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6 replies on “#251 – Gemfire”

This was definitely a dense title to get into. And of the Koei games, one of the shorter ones to beat I discovered, getting through my first campaign in the first weekend I had it. I definitely enjoyed the fantasy scenario – it was a refreshing change of pace from the other KOEI games. I would have scored it a B- probably, maybe even a B but I can definitely understand your feelings on this as it was not an easy one to get into at all.

I agree with the above comment. Besides the fact you need an FAQ to get into it, Gemfire is a very enjoyable game once you get into it. I’d easily rank it a B. D is more like Nombunaga’s Ambition, a real trash KOEI game.

I would disagree with this review personally. I think the main reason games like this never caught on in North America is not due to their confusing nature, but a lack of time kids wanted to put into them. There is a good reason why RPGs had to be essentially dumbed down for western gamers back in the day. Now games are the same across all the regions, but that was not always the case.

KOEI produced games that didn’t cater to the MTV fast paced culture of the Americas. I loved all the KOEI games and this one included. Actually scratch Aerobiz, I don’t know any kid who liked that.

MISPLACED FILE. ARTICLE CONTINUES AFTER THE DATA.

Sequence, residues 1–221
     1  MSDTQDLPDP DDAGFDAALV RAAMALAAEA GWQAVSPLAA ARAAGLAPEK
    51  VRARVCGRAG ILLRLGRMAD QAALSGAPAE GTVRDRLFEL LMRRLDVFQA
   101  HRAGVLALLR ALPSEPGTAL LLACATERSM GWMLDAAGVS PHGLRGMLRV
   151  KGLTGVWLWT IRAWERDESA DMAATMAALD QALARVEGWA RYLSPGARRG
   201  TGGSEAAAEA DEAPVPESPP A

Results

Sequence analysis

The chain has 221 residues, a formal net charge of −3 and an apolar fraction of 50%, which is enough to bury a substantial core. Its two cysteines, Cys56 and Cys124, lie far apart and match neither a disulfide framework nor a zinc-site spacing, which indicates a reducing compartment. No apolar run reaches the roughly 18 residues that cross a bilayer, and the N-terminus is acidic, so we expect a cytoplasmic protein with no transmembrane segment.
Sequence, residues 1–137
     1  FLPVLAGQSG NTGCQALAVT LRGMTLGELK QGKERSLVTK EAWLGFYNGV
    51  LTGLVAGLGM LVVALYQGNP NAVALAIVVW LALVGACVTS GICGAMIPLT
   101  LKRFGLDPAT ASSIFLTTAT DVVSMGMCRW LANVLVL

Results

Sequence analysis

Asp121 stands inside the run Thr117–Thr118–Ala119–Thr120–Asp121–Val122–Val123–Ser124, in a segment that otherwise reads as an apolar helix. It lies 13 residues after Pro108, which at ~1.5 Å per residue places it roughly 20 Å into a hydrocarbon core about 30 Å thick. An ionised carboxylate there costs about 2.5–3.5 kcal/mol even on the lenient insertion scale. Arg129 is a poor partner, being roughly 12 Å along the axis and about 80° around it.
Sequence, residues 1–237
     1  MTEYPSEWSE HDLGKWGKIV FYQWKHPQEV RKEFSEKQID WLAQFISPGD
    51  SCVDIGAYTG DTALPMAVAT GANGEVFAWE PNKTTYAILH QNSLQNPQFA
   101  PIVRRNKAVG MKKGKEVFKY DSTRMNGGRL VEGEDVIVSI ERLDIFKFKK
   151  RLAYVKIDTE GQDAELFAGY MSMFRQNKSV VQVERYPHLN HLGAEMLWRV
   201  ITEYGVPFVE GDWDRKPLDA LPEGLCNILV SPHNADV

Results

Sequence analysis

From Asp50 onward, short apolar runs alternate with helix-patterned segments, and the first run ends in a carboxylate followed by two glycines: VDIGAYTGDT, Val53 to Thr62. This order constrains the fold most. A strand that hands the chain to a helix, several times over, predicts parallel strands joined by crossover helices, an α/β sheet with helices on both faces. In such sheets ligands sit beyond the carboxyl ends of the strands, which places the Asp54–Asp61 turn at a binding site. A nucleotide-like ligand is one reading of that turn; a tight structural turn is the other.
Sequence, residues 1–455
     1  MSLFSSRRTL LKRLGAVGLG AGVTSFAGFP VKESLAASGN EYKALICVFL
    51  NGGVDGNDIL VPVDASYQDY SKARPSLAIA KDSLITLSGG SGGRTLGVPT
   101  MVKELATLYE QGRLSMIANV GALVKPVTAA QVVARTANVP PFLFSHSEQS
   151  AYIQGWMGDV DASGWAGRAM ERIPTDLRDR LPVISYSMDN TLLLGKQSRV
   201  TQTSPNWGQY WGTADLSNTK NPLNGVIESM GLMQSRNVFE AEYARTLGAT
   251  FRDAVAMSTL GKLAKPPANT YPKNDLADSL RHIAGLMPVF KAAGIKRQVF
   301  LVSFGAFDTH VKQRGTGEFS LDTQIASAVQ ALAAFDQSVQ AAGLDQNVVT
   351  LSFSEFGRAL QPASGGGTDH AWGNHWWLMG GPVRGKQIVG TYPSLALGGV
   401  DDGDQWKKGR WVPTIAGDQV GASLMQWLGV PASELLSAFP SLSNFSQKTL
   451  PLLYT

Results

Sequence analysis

Though if strategy games are not your thing, then it makes perfect sense to dislike these types of games, but I wouldn’t say they are confusing. It’s all about what you are into. I find Football games to be a mess because I don’t know jack about the rules or plays or whatever, but for someone who is into sports, it’s a piece of cake.


This was one of my fav super nintendo games ever. beating it with all the different familes was tough. including the Tordin family.

Wow this is easily KOEI’s simplest game, ever. Once you get the ball rolling it’s hard to lose anything in this game. In fact, the game throws natural disasters at your lands every other month_just_ to give the player something to do other than the land-wide genocide.

I beat this in one afternoon using a SNES emulator to fast-forward to my next turn, every turn. (Yes, SNES….this and ROTTK2 were on both platforms)

Wow… you may not like the genre but this was a dang fine game. Raisng your armies, conquering the other families and gaining their military might… all to rule the world, this was a fine looking and playimg title. The wizards in the battle throw a wrench into strategies too! I beat this in one afternoon (looooong afternoon) shortly after it came out. The rental store clerk tried to talk me out of rentimg it because it was “too hard”, which made victory all the sweeter. I loved this one so much, I kept asking my parents for it but this was one of a few games that retailed for around $70-$80 on day one of release. It had extra memory or something that made the cartridge cost more. I had difficulties convincing my father to buy a $20 budget title… forget a game with this kind of pricetag.